Earthen Ponds Seepage Prevention Using HDPE Liners

Earthen Ponds Seepage Prevention Using HDPE Liners

Earthen ponds are essential to many agricultural, industrial, and municipal operations. They support water storage, irrigation, and wastewater treatment (1, 2). In addition, they can provide a habitat for aquatic plants and animals, contributing to biodiversity and ecosystem health. However, earthen ponds are prone to seepage, resulting in significant environmental contamination, water losses, and environmental impacts (3–5). Hence, seepage prevention is critical to the sustainability and effectiveness of earthen ponds.

The key to addressing these challenges and repairing a leaky pond is identifying the causes of the seepage problem and selecting an appropriate pond sealing method (6). One effective solution for preventing seepage in earthen ponds is high-density polyethylene (HDPE) liners (7).

HDPE liners are durable, essentially impermeable, and cost-effective, providing a reliable barrier between the pond water and the surrounding soil (8–10). They can be custom-designed to fit any size or shape of the pond and are relatively easy to install. Moreover, HDPE liners have a long lifespan, making them an attractive option for pond owners and operators (11, 12). This article provides an overview of earthen ponds, describes the problem of seepage, and highlights the benefits of using HDPE liners for seepage prevention.

Earthen Ponds and Seepage Prevention

Earthen ponds are typically constructed by excavating a depression in the ground for various purposes such as industrial, aquaculture, irrigation, livestock watering, and as a source of drinking water (13). However, if not properly constructed and maintained, these ponds can threaten the surrounding groundwater due to seepage.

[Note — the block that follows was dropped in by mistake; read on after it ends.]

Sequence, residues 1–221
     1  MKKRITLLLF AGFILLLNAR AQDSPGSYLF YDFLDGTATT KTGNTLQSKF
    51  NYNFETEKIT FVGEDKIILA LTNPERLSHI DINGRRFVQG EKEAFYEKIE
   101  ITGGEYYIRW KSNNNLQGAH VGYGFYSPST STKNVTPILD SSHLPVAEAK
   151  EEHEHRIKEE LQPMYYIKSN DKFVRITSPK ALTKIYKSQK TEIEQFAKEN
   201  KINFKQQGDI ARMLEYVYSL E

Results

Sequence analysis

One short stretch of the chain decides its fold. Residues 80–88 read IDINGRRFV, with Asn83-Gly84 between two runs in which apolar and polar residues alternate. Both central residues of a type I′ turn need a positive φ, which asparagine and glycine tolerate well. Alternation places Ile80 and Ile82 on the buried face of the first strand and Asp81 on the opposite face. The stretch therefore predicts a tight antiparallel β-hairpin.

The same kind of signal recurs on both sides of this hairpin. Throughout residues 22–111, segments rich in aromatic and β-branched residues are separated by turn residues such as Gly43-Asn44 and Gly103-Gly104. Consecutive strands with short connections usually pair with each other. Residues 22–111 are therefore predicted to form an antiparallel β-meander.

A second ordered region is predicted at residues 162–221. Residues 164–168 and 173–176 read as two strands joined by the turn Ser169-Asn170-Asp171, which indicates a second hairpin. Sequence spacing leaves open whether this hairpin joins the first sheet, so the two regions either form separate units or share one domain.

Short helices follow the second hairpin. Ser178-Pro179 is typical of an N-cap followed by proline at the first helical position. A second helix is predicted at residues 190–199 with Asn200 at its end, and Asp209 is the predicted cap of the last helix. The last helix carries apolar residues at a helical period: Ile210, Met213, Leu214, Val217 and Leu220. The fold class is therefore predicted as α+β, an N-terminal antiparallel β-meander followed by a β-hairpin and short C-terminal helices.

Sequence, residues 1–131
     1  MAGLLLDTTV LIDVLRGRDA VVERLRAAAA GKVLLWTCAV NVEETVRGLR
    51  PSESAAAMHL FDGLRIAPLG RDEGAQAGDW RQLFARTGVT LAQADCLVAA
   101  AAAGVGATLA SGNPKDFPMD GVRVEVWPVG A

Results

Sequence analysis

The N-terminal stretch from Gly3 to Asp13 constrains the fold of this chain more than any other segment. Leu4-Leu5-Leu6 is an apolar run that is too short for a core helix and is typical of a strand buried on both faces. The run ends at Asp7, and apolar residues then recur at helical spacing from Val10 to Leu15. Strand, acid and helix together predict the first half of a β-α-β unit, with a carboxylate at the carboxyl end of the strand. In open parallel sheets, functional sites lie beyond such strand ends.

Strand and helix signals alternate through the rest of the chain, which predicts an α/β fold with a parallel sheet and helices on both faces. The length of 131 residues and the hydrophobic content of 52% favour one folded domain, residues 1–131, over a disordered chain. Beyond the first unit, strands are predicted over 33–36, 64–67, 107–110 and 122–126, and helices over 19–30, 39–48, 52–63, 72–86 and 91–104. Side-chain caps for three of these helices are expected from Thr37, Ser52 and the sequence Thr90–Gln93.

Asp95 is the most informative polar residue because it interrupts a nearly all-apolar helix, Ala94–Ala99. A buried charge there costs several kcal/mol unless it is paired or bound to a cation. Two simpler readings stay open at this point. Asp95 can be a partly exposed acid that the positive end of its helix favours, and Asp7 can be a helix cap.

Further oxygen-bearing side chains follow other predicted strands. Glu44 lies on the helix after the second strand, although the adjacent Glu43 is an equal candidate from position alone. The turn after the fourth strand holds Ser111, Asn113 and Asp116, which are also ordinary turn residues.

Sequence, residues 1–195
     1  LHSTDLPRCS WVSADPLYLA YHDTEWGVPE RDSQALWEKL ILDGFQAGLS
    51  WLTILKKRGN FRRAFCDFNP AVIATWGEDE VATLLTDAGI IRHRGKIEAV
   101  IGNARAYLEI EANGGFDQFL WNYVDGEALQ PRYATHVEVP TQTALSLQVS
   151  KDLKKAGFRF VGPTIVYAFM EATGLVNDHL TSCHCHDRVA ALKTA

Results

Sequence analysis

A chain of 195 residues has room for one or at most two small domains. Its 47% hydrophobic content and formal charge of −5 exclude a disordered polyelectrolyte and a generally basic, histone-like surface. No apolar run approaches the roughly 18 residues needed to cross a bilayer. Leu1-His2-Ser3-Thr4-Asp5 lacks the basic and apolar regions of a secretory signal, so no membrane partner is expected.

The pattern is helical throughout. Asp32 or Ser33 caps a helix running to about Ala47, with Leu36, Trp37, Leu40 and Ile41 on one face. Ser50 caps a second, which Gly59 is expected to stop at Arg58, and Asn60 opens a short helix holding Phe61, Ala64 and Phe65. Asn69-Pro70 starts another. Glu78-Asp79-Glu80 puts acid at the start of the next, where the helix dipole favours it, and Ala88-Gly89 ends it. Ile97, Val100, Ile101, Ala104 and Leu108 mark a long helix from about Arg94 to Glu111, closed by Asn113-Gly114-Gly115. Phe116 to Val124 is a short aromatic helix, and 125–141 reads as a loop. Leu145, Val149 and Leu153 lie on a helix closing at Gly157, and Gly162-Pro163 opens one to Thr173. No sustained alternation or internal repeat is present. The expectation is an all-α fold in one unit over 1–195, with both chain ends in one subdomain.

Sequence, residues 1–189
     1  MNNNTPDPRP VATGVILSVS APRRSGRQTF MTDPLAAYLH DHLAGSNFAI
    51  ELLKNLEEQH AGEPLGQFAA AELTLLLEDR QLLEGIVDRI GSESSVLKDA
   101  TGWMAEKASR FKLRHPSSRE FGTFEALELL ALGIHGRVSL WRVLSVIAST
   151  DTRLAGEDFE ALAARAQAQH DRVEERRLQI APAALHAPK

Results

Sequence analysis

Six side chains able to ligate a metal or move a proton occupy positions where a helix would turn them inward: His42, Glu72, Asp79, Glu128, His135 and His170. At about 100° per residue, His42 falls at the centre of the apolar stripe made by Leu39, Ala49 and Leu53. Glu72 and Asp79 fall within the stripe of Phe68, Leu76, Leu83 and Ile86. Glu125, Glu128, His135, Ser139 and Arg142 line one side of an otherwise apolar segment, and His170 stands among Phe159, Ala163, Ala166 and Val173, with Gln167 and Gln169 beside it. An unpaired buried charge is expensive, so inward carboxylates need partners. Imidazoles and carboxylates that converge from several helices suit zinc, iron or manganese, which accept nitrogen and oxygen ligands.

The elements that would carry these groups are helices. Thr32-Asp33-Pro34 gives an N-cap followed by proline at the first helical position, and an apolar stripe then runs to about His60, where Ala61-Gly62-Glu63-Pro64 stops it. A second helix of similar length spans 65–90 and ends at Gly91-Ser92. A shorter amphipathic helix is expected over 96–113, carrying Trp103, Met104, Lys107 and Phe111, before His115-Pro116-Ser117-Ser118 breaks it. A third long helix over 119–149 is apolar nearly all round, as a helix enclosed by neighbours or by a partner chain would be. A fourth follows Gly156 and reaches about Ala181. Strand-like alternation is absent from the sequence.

In general, seepage occurs when water flows through the porous soil or rock surrounding the pond and enters the groundwater system. One of the most significant causes of seepage in earthen ponds is soil permeability, which refers to the soil’s ability to allow water to pass through it. If the soil is highly permeable, it can allow water to seep easily. The permeability of soil is influenced by several factors, including soil type and density, texture, structure, and moisture content (14). See Figure 1 for a comparison of soil types.

Another factor that can contribute to seepage in earthen ponds is water pressure. Water pressure occurs when the water in the pond exerts a force on the soil or clay lining. If the water pressure is high, it will seep through the soil or clay lining. The pond depth, the water volume in the pond, and the water table level can influence water pressure. On the other hand, when the soil in the pond is saturated due to heavy rainfall, surface runoff, or poor drainage, the pond’s permeability and susceptibility to seepage increase. Seepage increase can lead to significant water loss from the pond (15). Similarly, soil erosion leads to the formation of channels or gullies in the soil, allowing water to seep through easily (16).

Additionally, poor soil compaction can also cause seepage in earthen ponds. This can be attributed to the fact that poorly compacted soil results in more pore space between soil particles, increasing soil permeability and increasing the likelihood of seepage (17). Finally, improperly constructed ponds might be prone to seepage. For instance, if the pond is built in an area with low water tables, it may be more susceptible to seepage (18). Similarly, water can seep through the soil or lining if the pond is not lined properly.